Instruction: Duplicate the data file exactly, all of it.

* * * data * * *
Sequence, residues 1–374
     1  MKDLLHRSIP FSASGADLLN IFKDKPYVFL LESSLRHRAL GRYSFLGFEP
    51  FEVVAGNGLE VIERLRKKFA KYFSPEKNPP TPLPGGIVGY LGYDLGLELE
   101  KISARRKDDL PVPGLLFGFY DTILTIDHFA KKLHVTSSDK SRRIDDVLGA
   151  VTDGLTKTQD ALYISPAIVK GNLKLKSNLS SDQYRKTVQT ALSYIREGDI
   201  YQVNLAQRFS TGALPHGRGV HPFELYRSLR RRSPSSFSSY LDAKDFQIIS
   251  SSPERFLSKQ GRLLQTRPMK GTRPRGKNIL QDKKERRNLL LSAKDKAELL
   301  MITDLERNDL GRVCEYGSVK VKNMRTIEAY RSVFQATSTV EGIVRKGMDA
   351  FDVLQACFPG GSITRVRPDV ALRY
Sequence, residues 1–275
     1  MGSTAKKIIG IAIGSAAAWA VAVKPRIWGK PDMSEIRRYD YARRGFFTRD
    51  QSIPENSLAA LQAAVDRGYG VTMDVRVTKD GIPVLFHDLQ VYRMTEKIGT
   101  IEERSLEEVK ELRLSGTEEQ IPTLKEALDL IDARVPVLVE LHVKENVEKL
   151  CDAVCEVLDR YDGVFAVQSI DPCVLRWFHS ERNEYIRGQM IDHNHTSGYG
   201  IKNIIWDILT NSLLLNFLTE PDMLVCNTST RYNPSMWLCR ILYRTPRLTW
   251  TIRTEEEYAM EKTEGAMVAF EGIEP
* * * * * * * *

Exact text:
Sequence, residues 1–374
     1  MKDLLHRSIP FSASGADLLN IFKDKPYVFL LESSLRHRAL GRYSFLGFEP
    51  FEVVAGNGLE VIERLRKKFA KYFSPEKNPP TPLPGGIVGY LGYDLGLELE
   101  KISARRKDDL PVPGLLFGFY DTILTIDHFA KKLHVTSSDK SRRIDDVLGA
   151  VTDGLTKTQD ALYISPAIVK GNLKLKSNLS SDQYRKTVQT ALSYIREGDI
   201  YQVNLAQRFS TGALPHGRGV HPFELYRSLR RRSPSSFSSY LDAKDFQIIS
   251  SSPERFLSKQ GRLLQTRPMK GTRPRGKNIL QDKKERRNLL LSAKDKAELL
   301  MITDLERNDL GRVCEYGSVK VKNMRTIEAY RSVFQATSTV EGIVRKGMDA
   351  FDVLQACFPG GSITRVRPDV ALRY
Sequence, residues 1–275
     1  MGSTAKKIIG IAIGSAAAWA VAVKPRIWGK PDMSEIRRYD YARRGFFTRD
    51  QSIPENSLAA LQAAVDRGYG VTMDVRVTKD GIPVLFHDLQ VYRMTEKIGT
   101  IEERSLEEVK ELRLSGTEEQ IPTLKEALDL IDARVPVLVE LHVKENVEKL
   151  CDAVCEVLDR YDGVFAVQSI DPCVLRWFHS ERNEYIRGQM IDHNHTSGYG
   201  IKNIIWDILT NSLLLNFLTE PDMLVCNTST RYNPSMWLCR ILYRTPRLTW
   251  TIRTEEEYAM EKTEGAMVAF EGIEP